Laura Steins is the poster mom for the Down And Out In Beverly Hills crowd. You don't want to raise taxes on the rich, the article is saying. The rich are just as broke as you and I are.

Oldest story in the class war book. Get the single mom making $30,000 a year to relate to to the one making $300,000 a year and say "Yeah, we can't afford health care reform right now." Sympathy for the Devil, indeed.

And it's working perfectly. Gotta love our liberal media.

The beltway movers and shakers and staffers and lobbyists in that income bracket already (or aspiring to be) are the targets of this article. This article's to remind them of The Way Things Are. The people making decisions in Washington and the people making decisions in the Village, they're letting you know not so subtly that they're not going to pay for health care for poor people, dammit.

They have nannies and poolboys and designer cell phones to worry about, after all. And that's what the Beltway thinks. They want you to think this way too...and more importantly, they want Congress to think this way.

What's Gone Wrong?

Looking over the evidence from an objective 30,000 feet perspective, I have to say that the health care fight is all but over, as is the President's entire agenda. Thing may change should the economy improve, but the Republican Party has won this battle by going straight to the fears of the middle-aged, middle class White American.

And that group still determines America's policy path for now. Yes, the future demographics show that group is becoming a smaller and smaller part of the American electorate. But for now, they still run the show, just as they always have in modern politics.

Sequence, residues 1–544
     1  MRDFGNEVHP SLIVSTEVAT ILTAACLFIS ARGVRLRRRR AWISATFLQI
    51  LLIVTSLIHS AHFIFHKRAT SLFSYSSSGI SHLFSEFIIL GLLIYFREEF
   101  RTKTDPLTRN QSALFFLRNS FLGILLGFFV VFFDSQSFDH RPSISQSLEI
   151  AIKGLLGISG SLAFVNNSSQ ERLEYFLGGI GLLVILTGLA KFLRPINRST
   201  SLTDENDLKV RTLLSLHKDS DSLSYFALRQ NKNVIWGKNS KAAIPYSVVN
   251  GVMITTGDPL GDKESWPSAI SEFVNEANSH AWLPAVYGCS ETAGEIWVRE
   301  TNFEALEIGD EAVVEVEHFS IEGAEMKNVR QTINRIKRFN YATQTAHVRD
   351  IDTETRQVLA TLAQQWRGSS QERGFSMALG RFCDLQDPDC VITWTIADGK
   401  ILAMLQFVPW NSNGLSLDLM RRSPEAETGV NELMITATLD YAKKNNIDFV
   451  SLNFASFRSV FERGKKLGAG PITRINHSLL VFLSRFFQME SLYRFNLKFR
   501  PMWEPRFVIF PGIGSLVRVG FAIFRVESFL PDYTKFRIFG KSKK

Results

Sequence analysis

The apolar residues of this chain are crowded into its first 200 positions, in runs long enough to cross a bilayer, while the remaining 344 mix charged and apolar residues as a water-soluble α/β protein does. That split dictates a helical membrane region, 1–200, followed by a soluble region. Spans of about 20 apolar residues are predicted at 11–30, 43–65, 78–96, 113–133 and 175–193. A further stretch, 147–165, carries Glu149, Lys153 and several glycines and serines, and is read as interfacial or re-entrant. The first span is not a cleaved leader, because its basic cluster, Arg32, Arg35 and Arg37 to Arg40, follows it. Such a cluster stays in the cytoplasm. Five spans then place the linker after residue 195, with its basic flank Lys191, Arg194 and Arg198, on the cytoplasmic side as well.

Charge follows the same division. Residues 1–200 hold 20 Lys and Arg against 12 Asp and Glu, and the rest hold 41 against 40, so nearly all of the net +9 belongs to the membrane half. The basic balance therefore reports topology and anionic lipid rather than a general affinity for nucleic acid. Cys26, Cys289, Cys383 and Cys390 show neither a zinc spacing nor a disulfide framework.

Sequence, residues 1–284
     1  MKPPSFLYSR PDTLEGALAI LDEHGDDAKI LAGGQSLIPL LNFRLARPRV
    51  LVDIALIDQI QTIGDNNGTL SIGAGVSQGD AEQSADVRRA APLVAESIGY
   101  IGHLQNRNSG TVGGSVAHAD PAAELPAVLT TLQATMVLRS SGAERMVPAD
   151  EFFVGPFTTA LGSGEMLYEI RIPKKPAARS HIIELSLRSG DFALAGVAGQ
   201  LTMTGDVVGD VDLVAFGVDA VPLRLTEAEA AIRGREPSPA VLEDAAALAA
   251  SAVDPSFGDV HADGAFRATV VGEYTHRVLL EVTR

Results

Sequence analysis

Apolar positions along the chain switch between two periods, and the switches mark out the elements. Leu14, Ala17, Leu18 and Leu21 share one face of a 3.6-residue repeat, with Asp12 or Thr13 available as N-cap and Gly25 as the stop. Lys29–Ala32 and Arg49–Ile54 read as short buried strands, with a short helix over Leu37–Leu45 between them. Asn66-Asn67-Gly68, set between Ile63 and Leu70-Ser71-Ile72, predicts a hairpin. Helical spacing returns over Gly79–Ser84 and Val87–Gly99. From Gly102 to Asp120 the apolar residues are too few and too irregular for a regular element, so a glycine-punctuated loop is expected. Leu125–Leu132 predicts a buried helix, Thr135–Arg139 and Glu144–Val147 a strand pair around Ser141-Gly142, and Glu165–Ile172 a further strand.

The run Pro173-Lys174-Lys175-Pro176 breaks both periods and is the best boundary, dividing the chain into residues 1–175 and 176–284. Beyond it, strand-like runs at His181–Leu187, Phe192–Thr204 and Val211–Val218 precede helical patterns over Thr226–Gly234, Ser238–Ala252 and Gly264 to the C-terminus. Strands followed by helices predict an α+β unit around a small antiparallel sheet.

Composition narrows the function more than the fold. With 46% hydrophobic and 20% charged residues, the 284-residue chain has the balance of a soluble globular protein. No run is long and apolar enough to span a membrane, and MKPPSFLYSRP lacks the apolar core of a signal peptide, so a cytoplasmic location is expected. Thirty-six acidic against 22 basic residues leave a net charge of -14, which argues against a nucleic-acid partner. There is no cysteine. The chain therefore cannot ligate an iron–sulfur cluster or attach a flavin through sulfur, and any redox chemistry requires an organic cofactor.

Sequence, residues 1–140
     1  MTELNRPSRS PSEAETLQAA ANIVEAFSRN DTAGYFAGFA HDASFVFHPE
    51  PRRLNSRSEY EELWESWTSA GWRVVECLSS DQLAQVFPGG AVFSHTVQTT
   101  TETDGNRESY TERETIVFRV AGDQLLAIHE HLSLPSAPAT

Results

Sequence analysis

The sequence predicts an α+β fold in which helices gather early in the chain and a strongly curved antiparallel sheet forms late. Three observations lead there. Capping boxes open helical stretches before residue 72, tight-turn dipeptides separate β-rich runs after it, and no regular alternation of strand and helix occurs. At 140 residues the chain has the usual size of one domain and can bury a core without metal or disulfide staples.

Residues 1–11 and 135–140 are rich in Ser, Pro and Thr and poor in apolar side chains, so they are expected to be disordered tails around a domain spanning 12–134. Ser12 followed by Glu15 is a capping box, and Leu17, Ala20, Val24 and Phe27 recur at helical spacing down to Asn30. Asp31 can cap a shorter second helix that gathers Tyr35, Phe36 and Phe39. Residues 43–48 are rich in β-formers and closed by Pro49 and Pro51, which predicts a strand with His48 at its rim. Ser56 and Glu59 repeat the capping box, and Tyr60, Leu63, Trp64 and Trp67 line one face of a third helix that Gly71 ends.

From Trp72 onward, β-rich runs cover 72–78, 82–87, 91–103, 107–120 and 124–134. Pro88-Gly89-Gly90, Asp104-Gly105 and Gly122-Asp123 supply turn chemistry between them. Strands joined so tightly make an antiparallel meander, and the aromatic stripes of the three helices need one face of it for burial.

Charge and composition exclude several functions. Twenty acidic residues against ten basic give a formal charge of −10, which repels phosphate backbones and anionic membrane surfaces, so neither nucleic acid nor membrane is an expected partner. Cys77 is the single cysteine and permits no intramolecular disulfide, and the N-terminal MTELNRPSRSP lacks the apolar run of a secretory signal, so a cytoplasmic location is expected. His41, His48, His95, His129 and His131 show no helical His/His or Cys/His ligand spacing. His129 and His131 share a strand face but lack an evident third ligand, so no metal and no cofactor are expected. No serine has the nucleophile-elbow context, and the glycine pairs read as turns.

The Republicans have won this battle because President Obama is unable to offer them what the Republicans are offering them: control of the country. They see Obama reaching out to African-Americans and Hispanics and white liberals, and more conservative whites just don't see where they have a place in the Democratic Party anymore. They're aware of the fact the Republicans screwed up and put the country in this mess. They hated George Bush. But they see no future for themselves with Barack Obama, either. That's Barack Obama's fault.

They remember the "bitter" remarks from the campaign. They remember his white grandmother and mother. They remember he's not like them. Does that make them racist? No, actually, far from it. For the first time we have a President that's not like the majority of the voting populace. Of course that's going to make people uncomfortable.

Only now has the President decided to address that part of the country today in an op-ed in the NY Times, and while it's a good piece, it's too late.

Republicans have expertly mined that fear and mistrust. Obama's one real effort to address race in this country turned into the Skip Gates fiasco. What Obama said I believe needed to be said, but the political reality of the truth is that it hurt him badly. America has never had to deal with this before. The Republican Party is attacking on this angle with everything they've got, and it's paying off.